HARRISBURG, Pa. (RNS)– Jesus and Moses were sold out, but you could still head to the checkout counter with Mary, Noah, David and a ferocious-looking Samson, packaged with Delilah in hot pink.
The world of posable action figures has traditionally belonged to hulking heroes such as Spider-Man and He-Man. But this latest crop — heroes and heroines from the Bible, on local Wal-Mart shelves since mid-August — are a testament to central Pennsylvania’s proclivity for religion and Wal-Mart’s marketing savvy.
Wal-Mart chose to test-market biblical action figures in its Carlisle, York, Lebanon, Swatara and Silver Spring township stores, displaying them with the preschool and stuffed animal aisle — not the Bratz and Barbie Beach Glam dolls aisle.
Given the area’s conservative impulses, the dolls should be a natural fit.
“Central Pennsylvania is conservative religious turf,” said Doug Jacobsen, religion professor at Messiah College in Grantham, Pa. “This is Bible Belt.”
So far, the dolls have generated a measure of revulsion at the idea of Jesus and She-Hulk tumbled together in the toy box, and hope that the toys will help children absorb the stories of their faith.
“That’s how children learn, by playing with things. They begin to own the story,” said Coleen Cotton, director of children’s ministry at Carlisle Evangelical Free Church.
Others had more fixed feelings.
“My concern is kids are going to equate them with other action figures,” said Jane Beachy of Carlisle Brethren in Christ Church.
“Superheroes aren’t true. Jesus is true.”
Americans spend billions of dollars each year on Christian products, though the Internet and big-box retailers like Wal-Mart are absorbing more and more of the market growth. That growth has shuttered some local Christian bookstores, and some who sold similar actions figures saw sleepy sales.
Wal-Mart said it studied the concentration of churches around its stores and their previous sales of faith-based products to select 425 stores nationwide — most of them in the South — for test markets.
Together, they represent about 13 percent of all Wal-Marts.
Wal-Mart does not discuss sales of individual products, but David Socha, CEO of manufacturer One2believe in Valencia, Calif., said the early word from a few stores sounded promising.
Target also will test-market the figures on its Web site, www.target.com, starting next month, a One2believe spokesman said.
In some ways, though, Wal-Mart is a totally different world for biblical action figures, said Anne Borden, assistant professor of sociology at Morehouse College in Atlanta.
Mass merchandising opens them to “multiple interpretations,” she said. While some people view the dolls as creative tools for religious training, others might see kitsch or gag gifts.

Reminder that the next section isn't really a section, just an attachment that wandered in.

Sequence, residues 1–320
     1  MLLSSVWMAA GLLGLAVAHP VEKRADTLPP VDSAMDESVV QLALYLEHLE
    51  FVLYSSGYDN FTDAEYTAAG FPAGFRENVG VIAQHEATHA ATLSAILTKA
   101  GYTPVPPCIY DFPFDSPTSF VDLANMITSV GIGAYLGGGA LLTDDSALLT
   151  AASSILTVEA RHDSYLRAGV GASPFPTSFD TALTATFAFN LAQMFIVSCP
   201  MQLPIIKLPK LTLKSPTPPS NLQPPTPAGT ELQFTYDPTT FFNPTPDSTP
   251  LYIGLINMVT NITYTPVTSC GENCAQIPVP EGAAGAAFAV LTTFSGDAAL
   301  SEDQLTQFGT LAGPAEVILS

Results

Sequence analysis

“Once something is put out there, we don’t know what the audience is going to do with it,” Borden said.
Socha, who calls himself an “evangelical Catholic,” says he’s fighting a “battle for the toy box.” Too many toys these days seem to encourage promiscuity and violence, he said.
The One2believe line includes 13-inch Spirit Warrior Samsons and Goliaths ($19.97 apiece with little story books). Socha said violence is found in “true stories from the Bible, and there are tremendous lessons there.”
Most of the toys are 12-inch figures that talk at the push of a button in their backs. (“With God all things are possible,” says Mary, among other things.) They cost $14.97.
There also are smaller Tales of Glory sets (Samson, Delilah and a little pillar like the one Samson dislodges in the Old Testament story) for $6.97.
Focus on the Family, Samaritan’s Purse and other prominent evangelical groups have endorsed the toys.
Jacobsen, from Messiah College, said the biblical toys find their obvious market among evangelicals, who have a long history of adapting pop culture to their purposes.
Years ago, it was marrying drinking tunes with pious new lyrics to create hymns, Jacobsen said. Now it’s action figures from the Bible.
The Rev. Martin Odom at Bethel Village African Methodist Episcopal Church in Harrisburg had not seen the toys, but he liked the idea in general “as long as they’re done in a culturally sensitive way.”
“The Bible is pretty clear that Jesus was a person of color — not an African-American but not Caucasian,” he said. The Wal-Mart Jesus has long, straight dark hair and dark eyes, and there’s a hint of olive in his skin color.
Mary Warner writes for the Patriot-News in Harrisburg, Pa. Copyright 2007 Religion News Service. All rights reserved. No part of this transmission may be distributed or reproduced without written permission.